Q1 Results: Courts Surpass Case Disposal Targets by 51%

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Last updated on November 24th, 2022 at 07:09 am

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Courts surpassed case disposal targets by 51% in the first quarter of Financial Year 2022/2023, according to a performance report presented by Judiciary Chief Registrar Sarah Langa Siu heralding optimism in the delivery of Justice in the country.

Since July through September 2022, a total of 68,075 cases have been completed across all Courts from the Supreme Court down to Magistrate Grade 2 surpassing the set disposal target of 44,295 cases for the quarter.


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“As of 14th October, 2022, a total of 68,075 cases had been completed across all Court levels from the Supreme Court to the Magistrates Courts while 167,594 cases remained pending” Chief Registrar Sarah Langa Siu said.

The Chief Registrar revealed that the Judiciary is shifting its focus from case backlog management to case management and as a result some of the cases were disposed of through case management innovations like plea bargaining in Criminal cases, Small Claims Procedure and Mediation in civil matters.


Indeed, during the quarter, 2960 cases were completed through Small Claims Procedure while 184 cases were completed through mediation and 17 completed through appellate mediation.

Overall, all courts met and surpassed their respective set case disposal targets except the Supreme Court and Magistrate Grade 2.

In the High Court, both at Division and Circuit levels, the set disposal target of 7,295 cases was surpassed by 43% as the High Court completed 11,804 cases – 14% of the 64,052 cases in the Court at the start of the quarter.

The Family Division of the High Court registered the highest court case disposal rate among the divisions of the Court having completed 1,944 cases and the Mukono High Court topped the Circuits of the Court with 1,084 cases completed.

At Magisterial level, the Chief Magistrates’ Courts disposed of 37,795 cases surpassing a disposal target of 25000 cases implying the Court exceeded its targets by 43%.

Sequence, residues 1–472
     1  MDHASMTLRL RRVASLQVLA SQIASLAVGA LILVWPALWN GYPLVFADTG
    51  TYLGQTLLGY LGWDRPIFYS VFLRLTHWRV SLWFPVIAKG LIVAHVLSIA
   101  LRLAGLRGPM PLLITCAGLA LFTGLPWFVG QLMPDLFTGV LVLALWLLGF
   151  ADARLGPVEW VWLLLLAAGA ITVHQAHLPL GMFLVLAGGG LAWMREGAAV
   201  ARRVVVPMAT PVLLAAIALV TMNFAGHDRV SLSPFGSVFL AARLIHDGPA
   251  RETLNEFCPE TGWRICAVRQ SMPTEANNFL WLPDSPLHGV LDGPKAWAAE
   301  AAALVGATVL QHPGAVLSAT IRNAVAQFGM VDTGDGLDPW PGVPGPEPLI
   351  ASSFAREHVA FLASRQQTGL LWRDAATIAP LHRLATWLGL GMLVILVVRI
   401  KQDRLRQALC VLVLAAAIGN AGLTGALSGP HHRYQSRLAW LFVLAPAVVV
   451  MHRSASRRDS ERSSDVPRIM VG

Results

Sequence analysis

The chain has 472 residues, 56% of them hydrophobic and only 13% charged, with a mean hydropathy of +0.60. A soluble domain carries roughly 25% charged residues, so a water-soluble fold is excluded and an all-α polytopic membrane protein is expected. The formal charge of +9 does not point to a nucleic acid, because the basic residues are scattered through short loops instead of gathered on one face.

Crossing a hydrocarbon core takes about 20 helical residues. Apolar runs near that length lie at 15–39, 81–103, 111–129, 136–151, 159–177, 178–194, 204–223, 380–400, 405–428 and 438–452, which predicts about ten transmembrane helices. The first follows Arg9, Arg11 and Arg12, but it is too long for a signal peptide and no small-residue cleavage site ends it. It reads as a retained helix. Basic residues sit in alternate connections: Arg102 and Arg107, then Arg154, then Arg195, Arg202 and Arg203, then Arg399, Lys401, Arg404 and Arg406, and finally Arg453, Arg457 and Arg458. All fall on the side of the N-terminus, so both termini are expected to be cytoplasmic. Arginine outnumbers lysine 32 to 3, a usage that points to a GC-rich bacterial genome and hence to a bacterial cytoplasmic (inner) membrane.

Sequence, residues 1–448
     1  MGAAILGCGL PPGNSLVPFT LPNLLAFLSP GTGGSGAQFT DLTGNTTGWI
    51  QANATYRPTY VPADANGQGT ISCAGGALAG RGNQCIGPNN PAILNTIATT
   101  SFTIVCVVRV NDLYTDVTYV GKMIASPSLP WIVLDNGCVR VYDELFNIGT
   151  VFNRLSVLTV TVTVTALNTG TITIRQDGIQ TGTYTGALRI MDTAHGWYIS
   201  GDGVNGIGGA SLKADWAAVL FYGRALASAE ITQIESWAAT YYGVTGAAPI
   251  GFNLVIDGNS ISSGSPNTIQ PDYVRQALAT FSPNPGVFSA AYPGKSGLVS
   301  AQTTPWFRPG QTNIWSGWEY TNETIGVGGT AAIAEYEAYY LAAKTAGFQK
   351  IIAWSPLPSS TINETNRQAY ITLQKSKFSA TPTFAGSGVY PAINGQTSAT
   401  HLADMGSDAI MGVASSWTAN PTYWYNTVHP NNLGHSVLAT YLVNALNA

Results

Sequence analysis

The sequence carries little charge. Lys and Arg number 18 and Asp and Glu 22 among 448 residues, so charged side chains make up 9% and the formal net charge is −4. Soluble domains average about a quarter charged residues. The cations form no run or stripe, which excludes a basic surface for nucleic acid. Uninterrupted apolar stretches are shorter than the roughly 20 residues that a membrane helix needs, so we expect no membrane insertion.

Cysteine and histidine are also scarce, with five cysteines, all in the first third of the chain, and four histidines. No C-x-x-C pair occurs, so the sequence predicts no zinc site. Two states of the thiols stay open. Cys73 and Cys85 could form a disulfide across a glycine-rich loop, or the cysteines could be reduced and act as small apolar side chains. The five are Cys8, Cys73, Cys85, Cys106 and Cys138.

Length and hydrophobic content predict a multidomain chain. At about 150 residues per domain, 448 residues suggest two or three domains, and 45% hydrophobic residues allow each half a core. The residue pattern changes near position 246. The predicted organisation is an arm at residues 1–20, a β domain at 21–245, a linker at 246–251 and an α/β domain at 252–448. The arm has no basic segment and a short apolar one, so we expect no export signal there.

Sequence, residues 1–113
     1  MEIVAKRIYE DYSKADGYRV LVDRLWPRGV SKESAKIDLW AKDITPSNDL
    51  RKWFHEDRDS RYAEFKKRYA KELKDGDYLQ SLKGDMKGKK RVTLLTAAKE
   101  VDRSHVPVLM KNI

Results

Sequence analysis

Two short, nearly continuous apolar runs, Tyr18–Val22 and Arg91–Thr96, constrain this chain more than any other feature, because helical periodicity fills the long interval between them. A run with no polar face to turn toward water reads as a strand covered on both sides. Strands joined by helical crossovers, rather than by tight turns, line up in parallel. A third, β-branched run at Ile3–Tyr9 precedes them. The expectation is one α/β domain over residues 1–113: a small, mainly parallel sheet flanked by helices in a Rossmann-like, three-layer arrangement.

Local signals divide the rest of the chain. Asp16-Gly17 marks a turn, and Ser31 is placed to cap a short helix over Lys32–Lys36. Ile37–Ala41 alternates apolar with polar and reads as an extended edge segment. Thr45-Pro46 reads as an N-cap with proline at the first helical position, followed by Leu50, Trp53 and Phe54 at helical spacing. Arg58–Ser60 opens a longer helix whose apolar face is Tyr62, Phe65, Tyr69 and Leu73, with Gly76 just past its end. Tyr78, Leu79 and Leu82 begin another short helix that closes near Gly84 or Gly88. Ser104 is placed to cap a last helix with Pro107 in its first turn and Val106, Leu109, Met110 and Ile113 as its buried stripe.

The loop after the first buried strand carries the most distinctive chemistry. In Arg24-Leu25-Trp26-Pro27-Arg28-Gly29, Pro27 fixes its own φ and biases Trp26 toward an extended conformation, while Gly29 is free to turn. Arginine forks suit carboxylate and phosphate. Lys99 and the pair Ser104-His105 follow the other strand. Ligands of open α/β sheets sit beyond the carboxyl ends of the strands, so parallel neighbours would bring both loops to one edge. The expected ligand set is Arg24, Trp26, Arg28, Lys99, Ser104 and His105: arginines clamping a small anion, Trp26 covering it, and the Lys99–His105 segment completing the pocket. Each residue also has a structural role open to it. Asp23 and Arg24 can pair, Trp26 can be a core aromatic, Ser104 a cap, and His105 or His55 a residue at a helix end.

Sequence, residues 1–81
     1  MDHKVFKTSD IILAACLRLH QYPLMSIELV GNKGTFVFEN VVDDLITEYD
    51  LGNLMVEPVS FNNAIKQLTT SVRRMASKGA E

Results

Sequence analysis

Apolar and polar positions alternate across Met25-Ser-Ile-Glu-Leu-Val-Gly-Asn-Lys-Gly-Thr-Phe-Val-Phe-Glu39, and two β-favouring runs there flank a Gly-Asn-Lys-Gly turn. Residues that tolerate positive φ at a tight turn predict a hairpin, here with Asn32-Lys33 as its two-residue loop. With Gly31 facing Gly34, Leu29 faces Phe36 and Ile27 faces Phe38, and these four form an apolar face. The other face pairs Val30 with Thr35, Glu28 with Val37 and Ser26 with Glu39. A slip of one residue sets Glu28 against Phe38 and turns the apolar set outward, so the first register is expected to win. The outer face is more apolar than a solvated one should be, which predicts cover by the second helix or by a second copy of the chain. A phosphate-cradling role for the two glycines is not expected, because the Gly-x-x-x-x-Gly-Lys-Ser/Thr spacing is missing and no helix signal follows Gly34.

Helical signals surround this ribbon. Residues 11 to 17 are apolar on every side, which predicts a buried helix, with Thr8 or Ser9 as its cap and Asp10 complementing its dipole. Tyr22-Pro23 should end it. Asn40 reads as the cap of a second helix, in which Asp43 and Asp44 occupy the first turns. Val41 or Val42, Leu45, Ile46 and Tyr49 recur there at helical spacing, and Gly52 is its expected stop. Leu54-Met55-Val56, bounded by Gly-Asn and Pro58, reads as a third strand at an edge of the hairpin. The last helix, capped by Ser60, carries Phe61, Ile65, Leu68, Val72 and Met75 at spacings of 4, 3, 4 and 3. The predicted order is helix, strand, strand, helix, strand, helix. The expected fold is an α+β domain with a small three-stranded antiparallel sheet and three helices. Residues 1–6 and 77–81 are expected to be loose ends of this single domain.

The “best” performing Court is Makindye Chief Magistrates’ Court which completed 1654 cases followed by Mbarara Chief Magistrates’ Court which completed 1,416 cases and then Fort Portal Chief Magistrates’ Court which concluded 1,398 cases.

Magistrate Grade 1 Court also surpassed its set case disposal target of 11,250 cases registering 17,706 cases representing a disposal rate of 43.32%. The top performing courts were Kampala City Hall Court which completed 1,424 cases followed by Ngora Court at 615 cases and the Law Development Centre (LDC Court) at 528 cases.

Failing to meet its court case disposal target by 37% was the Magistrate Grade 2 Court which disposed of 556 cases well below its target of 750 cases.

Setting case disposal targets for Courts is a performance tool that was introduced by the Judiciary to monitor and encourage the performance of its Courts as a way of improving speed and efficiency in the delivery of Justice. After all, it is said that Justice delayed is Justice denied.

Earlier this week, the Judiciary praised the Administration of the Judiciary Act as a “game changer legislation” that is helping transform the operations of one of the arms of government.

In terms of case backlog reduction in the quarter under review, the Judiciary posted a paltry 0.57% drop in cases which have been in the Justice system for two or more years.

At the end of the quarter, 49512 cases were deemed backlog out of the overall pending 167,594 cases in the Justice system representing 29.54%.

“At the beginning of the Quarter, backlog was at 30.11% and by the end of September there was a 0.57% drop of the cases under this category” Chief Registrar Sarah Langa Siu said.

Ms Sarah Langa Siu is sanguine that the Judiciary will perform better in the current quarter with the increased number of Judicial officers and the expanded network of Courts which includes 6 new High Court circuits and 16 new magisterial areas.

But there is a challenge: The number of prosecutors is lower than that of Magistrates and this is affecting the adjudication of criminal cases.

* Article updated in paragraph six to reflect Supreme Court did not meet its case disposal target

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